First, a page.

Anti-roll bar mounting bush replacement

Words and Pictures: Colin McIlwaine


A Simple Job Goes Terribly Wrong – Part 1


After getting the Hydragas re-pumped back to factory settings, I began to notice a rather worrying grinding or creaking noise coming from the front-end.  It was particularly noticeable when turning left at speed or hard left at a crawl (multi-storey car parks were quite embarrassing), when I could feel vibration through the pedals and steering wheel in addition to the racket from under the car.


A quick investigation (offside wheels on a high curb) revealed that the offside anti roll bar bush had totally disintegrated.  Brown & Gammons to the rescue (and why not replace the rears too?):





Removing Rounded Out Wheel Nuts

Above: rounded lock nut

19mm socket being used to remove old lock nut


Unfortunately, several weeks previous (in another spate of MGF DIYing), I managed to strip the little bars inside the locknut adapter (and inconveniently round out the ‘keyholes’ in the wheel nut too).


A new set of four standard wheel nuts promptly arrived and I began the arduous task of removing the lock nuts without the aid of an adapter.


The standard nuts are removed using a 19mm socket or tyre wrench, so the most obvious solution is to get an 18mm (or ¾”) socket, a lump hammer and understanding neighbours.  Hammer the slightly-too-small socket onto the locknut as far as it can go and simply undo it.


Getting the locknut back out of the socket is another matter altogether!



Replacing the Front Anti Roll Bar Bushes


Replacing the front ARB bushes is quite straightforward (famous last words Colin? - Ed).


1. Raise the front of the car in the usual manner, following the usual safety precautions.

The ARB runs from side to side connected to links on the lower suspension arms; in addition, it is secured, buffered by bushes, to the underside of the car with two clamps and brackets.

Above: ARB bush components: old black rubber bush to the left, new red PU bush to the right.

Using a 10mm socket, remove the four nuts from the two clamps; the ARB will drop slightly (it’s still connected to the ARB suspension links).


At this point, the old bushes can be removed; clean down the anti roll bar and refit the new bushes, aligning them with the brackets.  Refit the clamps and tighten the bolts to 22Nm.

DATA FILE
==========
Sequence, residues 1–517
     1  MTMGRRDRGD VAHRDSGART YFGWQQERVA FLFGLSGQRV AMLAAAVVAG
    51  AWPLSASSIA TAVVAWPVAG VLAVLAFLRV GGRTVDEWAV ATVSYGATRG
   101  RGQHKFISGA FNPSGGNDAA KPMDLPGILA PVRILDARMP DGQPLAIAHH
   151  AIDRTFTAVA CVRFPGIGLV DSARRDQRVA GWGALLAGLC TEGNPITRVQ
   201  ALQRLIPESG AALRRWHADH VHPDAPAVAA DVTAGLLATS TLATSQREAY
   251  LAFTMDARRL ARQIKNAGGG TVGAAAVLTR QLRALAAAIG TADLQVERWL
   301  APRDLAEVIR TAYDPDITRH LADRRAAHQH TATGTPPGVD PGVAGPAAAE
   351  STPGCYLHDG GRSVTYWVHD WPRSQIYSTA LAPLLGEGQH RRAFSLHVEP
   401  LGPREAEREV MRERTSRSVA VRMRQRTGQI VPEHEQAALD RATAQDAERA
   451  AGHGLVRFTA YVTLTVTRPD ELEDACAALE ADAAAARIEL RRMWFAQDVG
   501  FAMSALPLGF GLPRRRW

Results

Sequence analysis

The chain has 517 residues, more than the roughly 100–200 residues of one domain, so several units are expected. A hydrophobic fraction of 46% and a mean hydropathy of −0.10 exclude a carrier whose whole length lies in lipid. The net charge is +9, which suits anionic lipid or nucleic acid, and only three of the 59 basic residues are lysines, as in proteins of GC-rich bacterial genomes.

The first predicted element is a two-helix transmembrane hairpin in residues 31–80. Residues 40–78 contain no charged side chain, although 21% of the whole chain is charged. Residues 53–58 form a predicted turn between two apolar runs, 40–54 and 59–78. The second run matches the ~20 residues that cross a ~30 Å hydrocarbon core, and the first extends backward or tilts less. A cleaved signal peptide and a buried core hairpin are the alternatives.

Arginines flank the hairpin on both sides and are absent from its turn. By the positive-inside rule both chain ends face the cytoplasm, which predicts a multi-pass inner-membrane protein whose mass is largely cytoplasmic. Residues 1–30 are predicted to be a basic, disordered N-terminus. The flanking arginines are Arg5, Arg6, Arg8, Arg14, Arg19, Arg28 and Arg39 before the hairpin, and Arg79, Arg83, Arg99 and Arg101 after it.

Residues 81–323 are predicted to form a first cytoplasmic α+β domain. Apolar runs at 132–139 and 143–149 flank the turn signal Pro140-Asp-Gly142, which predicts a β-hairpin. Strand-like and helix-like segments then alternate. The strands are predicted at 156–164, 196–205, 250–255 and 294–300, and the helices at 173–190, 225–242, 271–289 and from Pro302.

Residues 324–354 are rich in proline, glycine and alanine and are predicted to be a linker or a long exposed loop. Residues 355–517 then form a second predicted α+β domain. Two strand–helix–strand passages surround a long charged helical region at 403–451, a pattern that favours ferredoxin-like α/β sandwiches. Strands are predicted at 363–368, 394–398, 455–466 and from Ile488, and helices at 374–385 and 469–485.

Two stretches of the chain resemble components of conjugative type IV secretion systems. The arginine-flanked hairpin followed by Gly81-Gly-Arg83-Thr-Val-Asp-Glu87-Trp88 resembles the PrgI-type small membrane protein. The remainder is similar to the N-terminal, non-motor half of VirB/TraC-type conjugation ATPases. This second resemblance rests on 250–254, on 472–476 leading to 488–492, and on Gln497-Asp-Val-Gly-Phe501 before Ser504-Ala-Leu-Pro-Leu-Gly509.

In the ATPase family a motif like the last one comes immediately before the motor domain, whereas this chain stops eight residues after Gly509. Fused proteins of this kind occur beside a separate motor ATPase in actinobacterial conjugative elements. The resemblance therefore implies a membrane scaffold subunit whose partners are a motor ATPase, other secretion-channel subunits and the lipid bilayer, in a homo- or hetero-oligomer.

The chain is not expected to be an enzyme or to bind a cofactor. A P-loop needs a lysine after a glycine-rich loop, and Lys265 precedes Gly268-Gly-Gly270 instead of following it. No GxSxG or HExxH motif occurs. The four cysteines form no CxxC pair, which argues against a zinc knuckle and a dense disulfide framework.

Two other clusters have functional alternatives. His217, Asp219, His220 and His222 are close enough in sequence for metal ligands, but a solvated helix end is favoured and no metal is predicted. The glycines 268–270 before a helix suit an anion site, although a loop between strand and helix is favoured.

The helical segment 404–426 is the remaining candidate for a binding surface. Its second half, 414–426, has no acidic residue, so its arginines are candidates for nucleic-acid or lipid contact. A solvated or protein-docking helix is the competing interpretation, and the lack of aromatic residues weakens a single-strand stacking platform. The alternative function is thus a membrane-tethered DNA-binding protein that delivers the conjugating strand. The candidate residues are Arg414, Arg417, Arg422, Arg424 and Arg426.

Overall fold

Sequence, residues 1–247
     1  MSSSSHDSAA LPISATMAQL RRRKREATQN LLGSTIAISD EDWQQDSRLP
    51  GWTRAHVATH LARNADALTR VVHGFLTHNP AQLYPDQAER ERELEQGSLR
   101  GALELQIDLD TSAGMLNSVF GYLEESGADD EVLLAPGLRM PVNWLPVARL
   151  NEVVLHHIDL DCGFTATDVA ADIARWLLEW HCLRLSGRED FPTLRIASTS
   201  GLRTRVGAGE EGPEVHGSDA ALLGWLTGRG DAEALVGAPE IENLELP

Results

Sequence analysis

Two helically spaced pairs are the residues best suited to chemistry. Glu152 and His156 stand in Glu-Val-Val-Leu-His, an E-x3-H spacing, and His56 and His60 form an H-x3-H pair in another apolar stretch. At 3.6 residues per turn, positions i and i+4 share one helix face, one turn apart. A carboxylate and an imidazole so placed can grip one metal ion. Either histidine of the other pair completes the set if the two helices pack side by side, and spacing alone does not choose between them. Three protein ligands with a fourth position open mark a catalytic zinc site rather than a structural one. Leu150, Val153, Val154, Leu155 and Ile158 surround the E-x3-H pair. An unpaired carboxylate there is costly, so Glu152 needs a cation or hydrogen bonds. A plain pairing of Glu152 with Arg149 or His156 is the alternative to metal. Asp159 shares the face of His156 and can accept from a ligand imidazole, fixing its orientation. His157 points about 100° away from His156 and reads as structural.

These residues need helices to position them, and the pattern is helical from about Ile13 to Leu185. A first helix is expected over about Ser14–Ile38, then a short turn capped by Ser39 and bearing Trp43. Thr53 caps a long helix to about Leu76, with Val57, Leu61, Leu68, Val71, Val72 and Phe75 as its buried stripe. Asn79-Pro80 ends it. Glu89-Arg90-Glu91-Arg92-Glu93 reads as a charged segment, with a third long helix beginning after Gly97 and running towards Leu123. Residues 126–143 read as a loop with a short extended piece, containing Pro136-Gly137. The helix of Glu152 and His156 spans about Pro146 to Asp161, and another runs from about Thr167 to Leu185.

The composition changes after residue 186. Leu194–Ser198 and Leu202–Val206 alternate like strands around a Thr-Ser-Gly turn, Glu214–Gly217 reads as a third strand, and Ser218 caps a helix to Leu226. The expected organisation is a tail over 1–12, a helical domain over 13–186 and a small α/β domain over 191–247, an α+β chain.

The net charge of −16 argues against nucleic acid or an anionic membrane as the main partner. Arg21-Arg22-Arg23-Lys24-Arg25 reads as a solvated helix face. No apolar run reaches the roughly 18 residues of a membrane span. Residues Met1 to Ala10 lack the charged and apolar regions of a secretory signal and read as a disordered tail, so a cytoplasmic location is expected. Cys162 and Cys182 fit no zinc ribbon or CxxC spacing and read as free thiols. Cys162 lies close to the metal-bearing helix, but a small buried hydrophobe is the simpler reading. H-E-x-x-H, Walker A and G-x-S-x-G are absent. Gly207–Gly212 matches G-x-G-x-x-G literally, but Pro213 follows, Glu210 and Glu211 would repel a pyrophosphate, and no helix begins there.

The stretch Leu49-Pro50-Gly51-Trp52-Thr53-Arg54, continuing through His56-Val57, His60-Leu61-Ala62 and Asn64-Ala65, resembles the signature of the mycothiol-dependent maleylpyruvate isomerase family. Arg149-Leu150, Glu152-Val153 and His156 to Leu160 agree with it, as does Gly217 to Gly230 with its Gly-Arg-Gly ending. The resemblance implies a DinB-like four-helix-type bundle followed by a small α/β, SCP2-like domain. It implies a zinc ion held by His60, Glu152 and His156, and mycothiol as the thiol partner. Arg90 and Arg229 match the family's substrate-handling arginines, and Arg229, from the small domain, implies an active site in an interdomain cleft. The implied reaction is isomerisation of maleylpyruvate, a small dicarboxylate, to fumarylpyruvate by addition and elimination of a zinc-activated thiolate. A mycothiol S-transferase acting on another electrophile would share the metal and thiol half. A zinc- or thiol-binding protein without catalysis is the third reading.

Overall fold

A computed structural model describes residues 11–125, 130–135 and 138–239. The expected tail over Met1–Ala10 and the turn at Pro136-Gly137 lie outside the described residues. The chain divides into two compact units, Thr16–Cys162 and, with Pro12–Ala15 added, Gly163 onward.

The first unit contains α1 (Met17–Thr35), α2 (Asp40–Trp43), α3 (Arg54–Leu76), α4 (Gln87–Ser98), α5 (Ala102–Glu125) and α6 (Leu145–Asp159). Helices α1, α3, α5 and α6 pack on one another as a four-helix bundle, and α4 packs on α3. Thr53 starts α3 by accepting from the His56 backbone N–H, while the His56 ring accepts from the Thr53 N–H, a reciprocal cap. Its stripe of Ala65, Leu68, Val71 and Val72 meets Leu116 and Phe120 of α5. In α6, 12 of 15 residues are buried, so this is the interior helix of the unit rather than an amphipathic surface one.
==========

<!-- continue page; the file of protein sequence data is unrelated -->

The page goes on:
Those of a fair disposition may want to skip straight to step (4) at the bottom of the page...



How It All Went Askew


Earlier I said that the anti roll bar will drop slightly since it’s still connected to the ARB suspension links.  If, for instance, it’s not connected on one side, then the ARB will completely drop and give you a hefty whack on the forehead.


In my case, the nearside link had completely sheared.


Pictured left, the removed drop link: note how 2/3 of the 'eye' is now missing: this would certainly give rise to some nasty suspension noises!!!

More pictures to the right.



Now the grinding and creaking made sense: it was the half of the link still connected to the lower suspension arm rubbing against its other half (which was swinging around on the end of the ARB).


Brown & Gammons to the rescue (again):





Since I would have several days before these assemblies arrived, I thought it was prudent to completely remove the two halves.


In the case of the ARB end, a 13mm socket is sufficient to remove the link half.  Awkwardly, the suspension arm end required that the road wheel be removed to allow room for a 15mm spanner to stop the bolt turning as the 15mm socket undid the nut.  More awkwardly, the bolt cannot be fully removed from the suspension arm; as an interim solution, I cable tied the bolt in place so that it would not interfere with the hub at an inopportune moment.




To be continued….


A Brief Interlude – Removing Sheared Locknuts


Earlier, I gave some details on removing locknuts (or rounded-out standard nuts incidentally) without the use of the adapter.  But what happens if the ‘slightly too small’ socket simply spins around the nut?  Using a progressively smaller socket would seem to be the most obvious solution.  What happens, then, if you’re down to a 16mm socket and it’s still spinning?  Indeed, what happens if the fore end of the locknut shears off, leaving a still intact aft end holding the wheel on?  Well, it looks something like this (see picture, right):


Thanks to advice from Mike Satur (, the solution is to use a cobolt drill bit to drill along the outside length of the stud, through the locknut.  (I found a 5mm or 6mm to be the most useful size to clear the inside edge of the alloy.)  This can take some time, particularly if you need to drill several holes around the circumference of the stud (as I did).  Also, take care to not allow the drill bit to ‘wander’.

The only downside to this approach is that you will undoubtedly need to replace the stud; the threads will not have survived the contact with the cobalt drill bit!



The offending locking wheel-nut is pictured here, with the wheel stud to the right, in all their cobalt-drilled glory! ( Enough to put a shiver down your spine, eh? - Ed)


Part 2 - Back To The Drop Links



Drop links installation is simply the reverse of removal. It may be necessary to loosen the ARB bush clamps to allow a little ‘play’ in the ends of the ARB.



Tighten the two nuts (ARB end and lower suspension arm end) to 35 Nm (with suspension at nominal trim height).  If necessary, retighten the ARB bush clamps to 22Nm.


Job done.